About the Author
Written by Jefferson Mills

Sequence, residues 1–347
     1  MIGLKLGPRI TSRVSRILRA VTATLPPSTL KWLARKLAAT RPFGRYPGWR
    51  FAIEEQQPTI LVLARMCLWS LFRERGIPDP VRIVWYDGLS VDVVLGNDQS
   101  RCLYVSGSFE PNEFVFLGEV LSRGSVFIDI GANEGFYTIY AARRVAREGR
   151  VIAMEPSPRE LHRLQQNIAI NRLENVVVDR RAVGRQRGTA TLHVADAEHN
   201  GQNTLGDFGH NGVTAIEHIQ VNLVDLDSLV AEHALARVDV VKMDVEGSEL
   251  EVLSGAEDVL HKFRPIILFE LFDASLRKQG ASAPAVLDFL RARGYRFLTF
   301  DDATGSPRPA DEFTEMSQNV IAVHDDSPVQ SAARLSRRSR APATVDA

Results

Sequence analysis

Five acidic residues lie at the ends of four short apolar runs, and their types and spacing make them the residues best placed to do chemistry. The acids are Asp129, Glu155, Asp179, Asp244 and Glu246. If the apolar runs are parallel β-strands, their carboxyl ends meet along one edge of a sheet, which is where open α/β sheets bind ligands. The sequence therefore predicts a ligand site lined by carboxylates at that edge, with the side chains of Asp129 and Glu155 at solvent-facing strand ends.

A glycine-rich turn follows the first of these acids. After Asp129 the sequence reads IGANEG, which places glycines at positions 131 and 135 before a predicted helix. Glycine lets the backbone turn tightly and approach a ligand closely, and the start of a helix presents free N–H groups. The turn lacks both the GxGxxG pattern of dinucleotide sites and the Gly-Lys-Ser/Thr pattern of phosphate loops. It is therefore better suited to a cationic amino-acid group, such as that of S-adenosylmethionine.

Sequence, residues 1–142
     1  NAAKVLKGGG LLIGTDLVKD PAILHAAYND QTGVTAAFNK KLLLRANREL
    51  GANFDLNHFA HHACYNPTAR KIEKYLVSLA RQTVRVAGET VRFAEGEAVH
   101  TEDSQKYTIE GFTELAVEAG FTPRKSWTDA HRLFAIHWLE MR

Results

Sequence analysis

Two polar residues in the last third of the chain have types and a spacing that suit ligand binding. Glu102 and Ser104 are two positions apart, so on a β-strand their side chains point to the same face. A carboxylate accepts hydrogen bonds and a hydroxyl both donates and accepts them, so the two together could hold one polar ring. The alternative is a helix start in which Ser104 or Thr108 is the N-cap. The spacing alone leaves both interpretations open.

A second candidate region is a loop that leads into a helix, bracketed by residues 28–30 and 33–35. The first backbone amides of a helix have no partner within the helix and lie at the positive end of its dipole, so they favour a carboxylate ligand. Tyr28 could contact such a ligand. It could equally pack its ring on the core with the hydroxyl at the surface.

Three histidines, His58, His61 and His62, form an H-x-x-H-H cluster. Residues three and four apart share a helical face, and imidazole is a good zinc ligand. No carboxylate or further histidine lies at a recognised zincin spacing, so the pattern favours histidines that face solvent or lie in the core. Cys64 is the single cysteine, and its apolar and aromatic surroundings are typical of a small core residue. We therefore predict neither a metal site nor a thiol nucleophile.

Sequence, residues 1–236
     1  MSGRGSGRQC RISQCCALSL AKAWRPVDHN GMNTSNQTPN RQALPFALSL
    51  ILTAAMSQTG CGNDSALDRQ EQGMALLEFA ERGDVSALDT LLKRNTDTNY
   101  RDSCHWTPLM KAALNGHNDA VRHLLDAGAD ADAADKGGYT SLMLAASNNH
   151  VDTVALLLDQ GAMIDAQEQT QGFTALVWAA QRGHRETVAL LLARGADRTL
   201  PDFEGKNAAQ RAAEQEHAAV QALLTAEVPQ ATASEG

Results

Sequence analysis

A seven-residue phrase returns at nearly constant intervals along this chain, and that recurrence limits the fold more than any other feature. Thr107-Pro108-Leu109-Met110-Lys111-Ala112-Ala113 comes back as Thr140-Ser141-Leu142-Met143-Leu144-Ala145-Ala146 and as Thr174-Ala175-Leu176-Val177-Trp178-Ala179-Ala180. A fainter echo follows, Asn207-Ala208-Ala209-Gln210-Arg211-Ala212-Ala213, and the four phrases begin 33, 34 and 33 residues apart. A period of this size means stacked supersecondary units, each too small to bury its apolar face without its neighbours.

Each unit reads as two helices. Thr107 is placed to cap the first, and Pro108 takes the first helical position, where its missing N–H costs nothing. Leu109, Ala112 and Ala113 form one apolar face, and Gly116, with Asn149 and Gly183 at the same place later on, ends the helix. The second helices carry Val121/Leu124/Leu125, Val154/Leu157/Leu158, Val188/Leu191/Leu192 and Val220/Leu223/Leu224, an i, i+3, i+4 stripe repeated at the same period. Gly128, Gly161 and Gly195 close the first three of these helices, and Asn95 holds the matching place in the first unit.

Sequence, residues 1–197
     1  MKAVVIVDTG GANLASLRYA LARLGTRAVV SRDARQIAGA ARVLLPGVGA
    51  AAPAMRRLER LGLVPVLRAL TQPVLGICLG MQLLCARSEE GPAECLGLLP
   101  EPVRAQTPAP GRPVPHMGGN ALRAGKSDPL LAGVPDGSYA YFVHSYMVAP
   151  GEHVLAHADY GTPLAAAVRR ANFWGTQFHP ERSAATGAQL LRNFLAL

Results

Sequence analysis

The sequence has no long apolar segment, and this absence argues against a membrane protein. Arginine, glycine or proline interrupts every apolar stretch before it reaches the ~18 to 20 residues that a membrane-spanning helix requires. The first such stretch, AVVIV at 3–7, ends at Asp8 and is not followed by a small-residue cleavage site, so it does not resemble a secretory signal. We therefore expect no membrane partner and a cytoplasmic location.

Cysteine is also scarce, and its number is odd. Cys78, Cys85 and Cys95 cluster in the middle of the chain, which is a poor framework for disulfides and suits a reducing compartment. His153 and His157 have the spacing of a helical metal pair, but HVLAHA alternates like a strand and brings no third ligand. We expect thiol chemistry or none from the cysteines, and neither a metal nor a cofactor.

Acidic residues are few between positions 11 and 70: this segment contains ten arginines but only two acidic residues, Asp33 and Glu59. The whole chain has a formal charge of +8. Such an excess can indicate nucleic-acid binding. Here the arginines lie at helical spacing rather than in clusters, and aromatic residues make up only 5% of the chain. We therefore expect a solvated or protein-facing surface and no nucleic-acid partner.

I am a 22 year old aspiring sports journalist. I graduated from Hofstra University with a BA in Broadcast Journalism and was born and raised in Norwood, MA, twenty minutes south of the great city of Boston. Sports consume my life in every which way as I have been an athlete since the age of 8 playing organized football, baseball and basketball throughout high school and have been an avid die-hard Patriots, Bruins, Red Sox and Celtics fan. I Interned for the "Mecca of Sports Radio" WFAN 660 AM while in college and also interned for News 12 Long Island. Working as a member of the hardest working sports department in one of the most talented college radio stations 88.7 FM WRHU is the one thing I am most proud of when it comes to my work in the field. My passion and work ethic define who I am as a writer, person and friend which is why I hope to become successful in the sports Broadcasting spectrum in years to come.